Students’ well-being: PISA 2015 results analyses pupils’ motivation to perform well in school, their relationships with peers and teachers, their home life and how they spend their time outside of school. The findings are based on a survey of 540,000 pupils in 72 participating Organisation for Economic Cooperation and Development (OECD) countries and economies.
The study found that pupils in the UK are among the least happy – ranking 38th out of the 48 OECD countries – with the US ranking slightly higher at 29th. On average, 15-year-old pupils in the US reported a level of 7.4 on a life satisfaction scale ranging from 0 to 10 (the OECD average was 7.3).
As in the majority of countries, boys in the UK and the US reported higher life satisfaction than girls (0.7 points higher for UK; 0.6 points higher for US; OECD average = 0.6).
Pupils in both the UK and the US reported higher levels of schoolwork-related anxiety than the OECD average. The study found 72% of UK pupils and 68% of US pupils felt anxious about tests, even when they were well-prepared for them, compared to the OECD average of 55%. And 61% of pupils in the US and 67% in the UK worry about getting poor grades at school.
Bullying is also an issue, particularly for the UK, with 25% of UK pupils and 19% of US pupils reporting that they are victims of one act of bullying at least a few times a month, compared to the OECD average of 19%.
Source: PISA 2015 results (volume III): students’ well-being (April 2017), OECD
A new report from the Public Policy Institute for Wales synthesises research and policy evaluations related to school-based strategies to promote emotional health, well-being, and resilience among primary school students aged 4 to 11 years.
The report argues that school-based work in this area can be very effective, and school systems need to be strongly connected with each other in order to translate the research evidence into sustained impact. While work on emotional health and well-being is relevant to all students, some children are likely to have additional needs. These children often come from high-risk groups that can be identified, for example, those who have socio-economically disadvantaged backgrounds.
The report’s overarching recommendation is to develop a carefully planned and well-supported approach to social and emotional learning (SEL) that is integrated with core pedagogical principles and situated within a connected school. It also calls for an independent evaluation of a Welsh initiative on SEL that is designed to support emotional health, well-being, and resilience. Importantly, the focus should not be on developing an entirely new SEL curriculum or new teaching resources, since many evidence-based programs with high-quality resources already exist. Rather, the emphasis should be on identifying specific strategies for integrating SEL work, engaging families, and broader schools systems and core pedagogical principles.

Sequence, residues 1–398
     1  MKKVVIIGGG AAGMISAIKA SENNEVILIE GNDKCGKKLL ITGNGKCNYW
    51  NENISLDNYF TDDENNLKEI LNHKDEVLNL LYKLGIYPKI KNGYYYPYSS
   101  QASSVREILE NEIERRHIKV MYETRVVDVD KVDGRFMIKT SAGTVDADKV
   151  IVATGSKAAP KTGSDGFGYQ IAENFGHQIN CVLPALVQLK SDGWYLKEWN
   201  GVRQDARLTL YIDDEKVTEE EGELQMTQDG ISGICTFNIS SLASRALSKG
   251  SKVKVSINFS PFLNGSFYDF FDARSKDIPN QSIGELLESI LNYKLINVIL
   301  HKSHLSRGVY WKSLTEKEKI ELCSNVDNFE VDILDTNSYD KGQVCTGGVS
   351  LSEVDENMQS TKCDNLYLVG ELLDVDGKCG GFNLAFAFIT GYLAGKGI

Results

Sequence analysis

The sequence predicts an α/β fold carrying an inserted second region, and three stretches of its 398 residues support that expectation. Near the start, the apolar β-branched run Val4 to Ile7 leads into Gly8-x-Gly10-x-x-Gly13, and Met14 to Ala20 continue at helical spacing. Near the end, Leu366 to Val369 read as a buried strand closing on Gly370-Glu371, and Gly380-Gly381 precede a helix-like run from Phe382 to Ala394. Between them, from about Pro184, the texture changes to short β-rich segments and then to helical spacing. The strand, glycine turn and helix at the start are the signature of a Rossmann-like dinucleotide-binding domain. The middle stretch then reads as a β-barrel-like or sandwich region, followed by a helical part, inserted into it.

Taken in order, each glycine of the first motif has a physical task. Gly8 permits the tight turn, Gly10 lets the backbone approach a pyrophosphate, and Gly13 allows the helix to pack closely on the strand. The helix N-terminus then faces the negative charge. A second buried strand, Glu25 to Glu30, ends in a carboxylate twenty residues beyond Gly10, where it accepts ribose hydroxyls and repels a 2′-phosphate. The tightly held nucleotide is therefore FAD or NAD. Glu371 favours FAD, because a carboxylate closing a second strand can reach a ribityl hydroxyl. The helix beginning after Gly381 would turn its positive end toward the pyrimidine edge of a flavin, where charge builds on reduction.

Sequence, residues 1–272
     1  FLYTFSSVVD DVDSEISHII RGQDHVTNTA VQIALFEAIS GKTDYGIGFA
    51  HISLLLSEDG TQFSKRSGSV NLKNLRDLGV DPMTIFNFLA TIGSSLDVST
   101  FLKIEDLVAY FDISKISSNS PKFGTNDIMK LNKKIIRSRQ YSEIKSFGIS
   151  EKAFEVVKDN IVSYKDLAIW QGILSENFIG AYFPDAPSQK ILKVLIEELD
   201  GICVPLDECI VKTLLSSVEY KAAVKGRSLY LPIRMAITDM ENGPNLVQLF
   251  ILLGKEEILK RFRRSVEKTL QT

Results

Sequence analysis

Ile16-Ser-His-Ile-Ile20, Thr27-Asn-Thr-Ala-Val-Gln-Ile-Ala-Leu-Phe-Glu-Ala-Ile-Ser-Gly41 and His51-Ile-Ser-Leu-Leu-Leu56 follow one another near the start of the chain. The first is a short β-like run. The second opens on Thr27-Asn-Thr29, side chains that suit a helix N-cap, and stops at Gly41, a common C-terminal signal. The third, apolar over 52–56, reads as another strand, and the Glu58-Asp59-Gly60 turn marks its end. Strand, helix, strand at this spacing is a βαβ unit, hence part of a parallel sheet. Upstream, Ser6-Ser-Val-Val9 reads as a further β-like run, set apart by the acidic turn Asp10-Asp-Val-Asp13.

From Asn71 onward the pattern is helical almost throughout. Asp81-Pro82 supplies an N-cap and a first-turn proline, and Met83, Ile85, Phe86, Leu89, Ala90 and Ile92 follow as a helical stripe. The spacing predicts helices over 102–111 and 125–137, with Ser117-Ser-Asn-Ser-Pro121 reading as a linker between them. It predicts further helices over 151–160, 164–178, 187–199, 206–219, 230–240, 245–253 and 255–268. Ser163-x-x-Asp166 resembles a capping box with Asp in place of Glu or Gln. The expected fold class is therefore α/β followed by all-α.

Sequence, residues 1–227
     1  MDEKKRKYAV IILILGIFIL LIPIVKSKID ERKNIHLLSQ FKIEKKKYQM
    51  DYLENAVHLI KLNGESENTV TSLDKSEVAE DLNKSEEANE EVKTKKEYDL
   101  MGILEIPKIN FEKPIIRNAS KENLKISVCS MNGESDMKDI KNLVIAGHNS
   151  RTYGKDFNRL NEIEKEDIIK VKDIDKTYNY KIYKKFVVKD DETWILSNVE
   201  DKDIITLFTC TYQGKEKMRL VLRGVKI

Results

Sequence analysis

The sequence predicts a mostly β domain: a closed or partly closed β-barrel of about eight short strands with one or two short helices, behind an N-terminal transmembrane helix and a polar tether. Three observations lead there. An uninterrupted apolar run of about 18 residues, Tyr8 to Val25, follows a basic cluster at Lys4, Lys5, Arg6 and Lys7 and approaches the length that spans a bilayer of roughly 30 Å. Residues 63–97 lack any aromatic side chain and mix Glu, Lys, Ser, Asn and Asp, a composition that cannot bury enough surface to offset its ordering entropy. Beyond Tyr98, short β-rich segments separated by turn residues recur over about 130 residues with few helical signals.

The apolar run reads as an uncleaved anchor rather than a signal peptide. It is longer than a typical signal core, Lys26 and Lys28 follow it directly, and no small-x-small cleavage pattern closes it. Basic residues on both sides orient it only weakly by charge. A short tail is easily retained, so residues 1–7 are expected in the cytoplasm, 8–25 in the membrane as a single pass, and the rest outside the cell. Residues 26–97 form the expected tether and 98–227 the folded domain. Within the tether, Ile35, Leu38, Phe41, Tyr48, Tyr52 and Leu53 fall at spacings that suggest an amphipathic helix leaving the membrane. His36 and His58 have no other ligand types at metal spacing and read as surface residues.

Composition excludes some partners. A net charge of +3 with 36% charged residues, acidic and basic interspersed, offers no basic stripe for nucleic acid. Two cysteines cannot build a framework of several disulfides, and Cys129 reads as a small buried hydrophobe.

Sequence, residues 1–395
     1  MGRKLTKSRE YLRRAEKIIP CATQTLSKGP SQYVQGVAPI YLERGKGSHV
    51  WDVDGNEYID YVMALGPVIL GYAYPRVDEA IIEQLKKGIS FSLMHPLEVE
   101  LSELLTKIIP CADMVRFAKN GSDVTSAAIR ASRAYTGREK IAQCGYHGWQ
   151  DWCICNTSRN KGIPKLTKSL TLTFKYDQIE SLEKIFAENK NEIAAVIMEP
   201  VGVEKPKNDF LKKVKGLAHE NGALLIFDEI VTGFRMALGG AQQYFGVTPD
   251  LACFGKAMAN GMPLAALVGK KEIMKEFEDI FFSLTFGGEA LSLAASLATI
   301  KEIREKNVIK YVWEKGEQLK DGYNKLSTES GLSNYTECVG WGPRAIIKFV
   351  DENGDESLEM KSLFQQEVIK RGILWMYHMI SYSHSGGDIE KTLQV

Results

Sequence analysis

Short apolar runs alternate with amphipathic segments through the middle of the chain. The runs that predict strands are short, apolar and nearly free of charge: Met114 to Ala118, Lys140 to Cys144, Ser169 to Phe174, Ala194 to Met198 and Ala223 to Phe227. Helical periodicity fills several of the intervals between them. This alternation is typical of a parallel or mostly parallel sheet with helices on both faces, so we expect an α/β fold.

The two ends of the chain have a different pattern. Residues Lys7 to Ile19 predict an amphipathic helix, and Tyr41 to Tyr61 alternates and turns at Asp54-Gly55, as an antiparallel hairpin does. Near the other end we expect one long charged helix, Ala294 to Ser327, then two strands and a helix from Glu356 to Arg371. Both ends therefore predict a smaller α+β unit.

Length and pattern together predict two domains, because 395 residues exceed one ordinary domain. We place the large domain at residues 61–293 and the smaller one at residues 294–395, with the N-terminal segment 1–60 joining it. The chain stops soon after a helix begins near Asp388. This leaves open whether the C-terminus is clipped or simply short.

Source: Promoting Emotional Health, Well-being and Resilience in Primary Schools (2016), Public Policy Institute for Wales.
Child Trends has released a new research brief on mental wellness in early childhood. Using research from various sources such as university publications, journal articles, and government websites, they identify five “things to know” to help parents and caregivers lay a solid foundation for healthy childhood development.
- Infants experience and perceive a range of emotions. Caregivers may underestimate the degree to which infants’ social-emotional development is affected by early experiences. Although infants as young as six months can “begin to sense and be affected by their parents’ moods,” fewer than 35% of caregivers believe that infants are capable of experiencing emotions in this way.
- Early positive interactions promote emotional wellness throughout the lifespan. Interactions between caregivers and infants are critically important, as “neural connections are formed through the interaction of genes and a baby’s environment and experiences,” especially through communication with caregivers.
- Having appropriate expectations of young children’s development is important. Emotional development is a critical component of brain development that is not always emphasised as much as cognitive, physical, or verbal development. Each person’s development is unique, but caregivers should understand general social-emotional milestones – such as copying caregivers’ actions – in order to keep expectations appropriate and monitor potential red flags.
- Parents and caregivers should be mindful of their own emotional well-being, seeking support if they need it. Caregivers who effectively treat their mental illness may lower the effects of the illness on their children.
- Young children are resilient and, if properly supported, can overcome potentially traumatic events. Young children may be able to overcome the effects of adverse events through consistent, predictable, supportive interactions.
Source: Five Things to Know about Mental Wellness in Early Childhood (2015), Child Trends.
A new working paper from the US National Bureau of Economic Research examines the effect of changes in unearned household income on children’s personality traits and mental health, and concludes that increases in unearned money have a significant positive effect on children’s social and emotional well-being.